10-team league PPR (8th pick again, snake): QB Ben Roethlisberger, QB Josh Freeman, QB Russell Wilson, RB Steven Jackson, RB Reggie Bush, Ben Tate, RB David Wilson, RB Ryan Williams, WR Calvin Johnson, WR Brandon Marshall, WR Steve Smith (CAR), WR Justin Blackmon, WR Randall Cobb, TE Rob Gronkowski, K Dan Bailey, DEF Chicago Bears.

Recap of Toronto/Rogers Centre visit

The fourth and final stop on my vacation earlier this month may have provided the worst of the four ballparks, but it was the most exciting city of the group.

It’s hard to compare Toronto to an American city. In terms of population, I suppose it would most closely resemble Chicago. Myself and two friends from high school arrived in Toronto (via Pittsburgh) on Aug. 9 before leaving two days later.

Niagara Falls on the Ontario side.

Toronto really was awesome. Among the cities I’ve visited, I’d rank it with Boston and Seattle as my favorites. I’ve heard multiple people refer to Toronto as the “New York of Canada.” I’ve never been to New York, so I can’t say whether that nickname is justified or not.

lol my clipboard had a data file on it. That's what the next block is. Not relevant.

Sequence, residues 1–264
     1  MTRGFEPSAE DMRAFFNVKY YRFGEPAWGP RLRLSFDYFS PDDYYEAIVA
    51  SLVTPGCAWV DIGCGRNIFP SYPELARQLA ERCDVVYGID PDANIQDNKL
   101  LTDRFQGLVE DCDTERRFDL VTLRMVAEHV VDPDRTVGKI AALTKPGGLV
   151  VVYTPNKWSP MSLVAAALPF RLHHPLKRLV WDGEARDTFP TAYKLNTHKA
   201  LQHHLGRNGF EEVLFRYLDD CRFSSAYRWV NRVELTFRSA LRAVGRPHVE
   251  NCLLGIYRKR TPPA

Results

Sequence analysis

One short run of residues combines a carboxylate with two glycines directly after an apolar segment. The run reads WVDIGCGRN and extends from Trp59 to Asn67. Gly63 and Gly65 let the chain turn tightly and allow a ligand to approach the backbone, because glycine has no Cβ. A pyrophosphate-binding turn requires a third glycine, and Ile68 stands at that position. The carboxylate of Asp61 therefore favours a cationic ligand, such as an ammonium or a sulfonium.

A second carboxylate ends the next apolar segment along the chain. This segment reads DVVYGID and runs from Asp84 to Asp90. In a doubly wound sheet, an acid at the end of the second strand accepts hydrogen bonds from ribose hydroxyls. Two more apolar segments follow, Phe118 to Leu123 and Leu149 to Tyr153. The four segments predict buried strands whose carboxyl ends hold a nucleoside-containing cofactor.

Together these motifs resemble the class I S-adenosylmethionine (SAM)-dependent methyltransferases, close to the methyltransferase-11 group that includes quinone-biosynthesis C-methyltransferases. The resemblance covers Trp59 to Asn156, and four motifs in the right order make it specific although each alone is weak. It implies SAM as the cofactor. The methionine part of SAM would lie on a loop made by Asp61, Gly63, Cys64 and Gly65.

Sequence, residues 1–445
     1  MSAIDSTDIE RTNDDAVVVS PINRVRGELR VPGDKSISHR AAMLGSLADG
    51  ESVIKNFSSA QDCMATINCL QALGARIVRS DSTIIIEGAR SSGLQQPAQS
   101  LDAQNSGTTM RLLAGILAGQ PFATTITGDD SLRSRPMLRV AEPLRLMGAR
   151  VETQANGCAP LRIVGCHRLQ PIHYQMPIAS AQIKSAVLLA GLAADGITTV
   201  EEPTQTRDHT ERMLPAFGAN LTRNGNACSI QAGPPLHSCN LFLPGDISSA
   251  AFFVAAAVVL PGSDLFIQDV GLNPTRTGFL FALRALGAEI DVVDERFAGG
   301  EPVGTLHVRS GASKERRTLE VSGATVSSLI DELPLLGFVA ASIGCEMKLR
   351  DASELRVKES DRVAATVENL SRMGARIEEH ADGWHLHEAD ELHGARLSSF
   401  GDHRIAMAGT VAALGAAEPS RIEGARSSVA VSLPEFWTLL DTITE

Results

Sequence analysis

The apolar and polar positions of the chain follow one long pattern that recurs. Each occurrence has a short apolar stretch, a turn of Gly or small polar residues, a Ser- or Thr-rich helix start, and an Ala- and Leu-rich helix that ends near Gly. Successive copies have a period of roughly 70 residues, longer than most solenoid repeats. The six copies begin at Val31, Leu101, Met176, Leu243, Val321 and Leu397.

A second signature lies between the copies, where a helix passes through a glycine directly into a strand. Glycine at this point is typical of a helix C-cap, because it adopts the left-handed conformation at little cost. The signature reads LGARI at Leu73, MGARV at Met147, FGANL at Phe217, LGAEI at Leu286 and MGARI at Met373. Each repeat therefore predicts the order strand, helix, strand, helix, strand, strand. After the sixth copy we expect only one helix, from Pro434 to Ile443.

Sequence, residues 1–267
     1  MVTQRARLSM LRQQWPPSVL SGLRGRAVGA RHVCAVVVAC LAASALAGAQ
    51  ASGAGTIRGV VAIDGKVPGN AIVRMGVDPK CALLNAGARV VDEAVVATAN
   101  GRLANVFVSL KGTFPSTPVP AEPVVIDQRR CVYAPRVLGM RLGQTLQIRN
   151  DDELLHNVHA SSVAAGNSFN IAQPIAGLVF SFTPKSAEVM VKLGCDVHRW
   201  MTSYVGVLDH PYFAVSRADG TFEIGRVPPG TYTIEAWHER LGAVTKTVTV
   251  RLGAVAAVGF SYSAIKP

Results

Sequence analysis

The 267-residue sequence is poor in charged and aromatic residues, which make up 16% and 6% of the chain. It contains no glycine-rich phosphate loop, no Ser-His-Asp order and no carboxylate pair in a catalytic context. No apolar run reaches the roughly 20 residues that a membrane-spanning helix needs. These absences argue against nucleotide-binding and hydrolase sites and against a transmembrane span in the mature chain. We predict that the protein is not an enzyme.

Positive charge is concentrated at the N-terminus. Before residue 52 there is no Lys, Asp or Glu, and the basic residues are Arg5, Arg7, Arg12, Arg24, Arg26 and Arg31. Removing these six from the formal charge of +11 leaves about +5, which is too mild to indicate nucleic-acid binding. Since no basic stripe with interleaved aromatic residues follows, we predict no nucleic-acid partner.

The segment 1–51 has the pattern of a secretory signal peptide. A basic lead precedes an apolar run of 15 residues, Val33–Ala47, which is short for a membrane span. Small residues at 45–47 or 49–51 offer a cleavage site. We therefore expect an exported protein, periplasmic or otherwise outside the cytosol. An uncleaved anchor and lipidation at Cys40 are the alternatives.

But Toronto certainly was a lively city. The downtown area was bustling. It just seemed like there was an awful lot of young people in their 20s and 30s. And there was quite a bit of construction going on downtown for a major city. I got the feeling that it could be much larger – and more congested, I suppose – five years from now than it is today. Lot of big buildings going up.

Aside from a Yankees-Blue Jays game at Rogers Centre, we tried to do as much as we could during our two days in Canada. Before reaching Toronto, we checked out Niagara Falls on the Ontario side of the border. Quite a sight! I had never seen the Falls on either side before. Very impressive.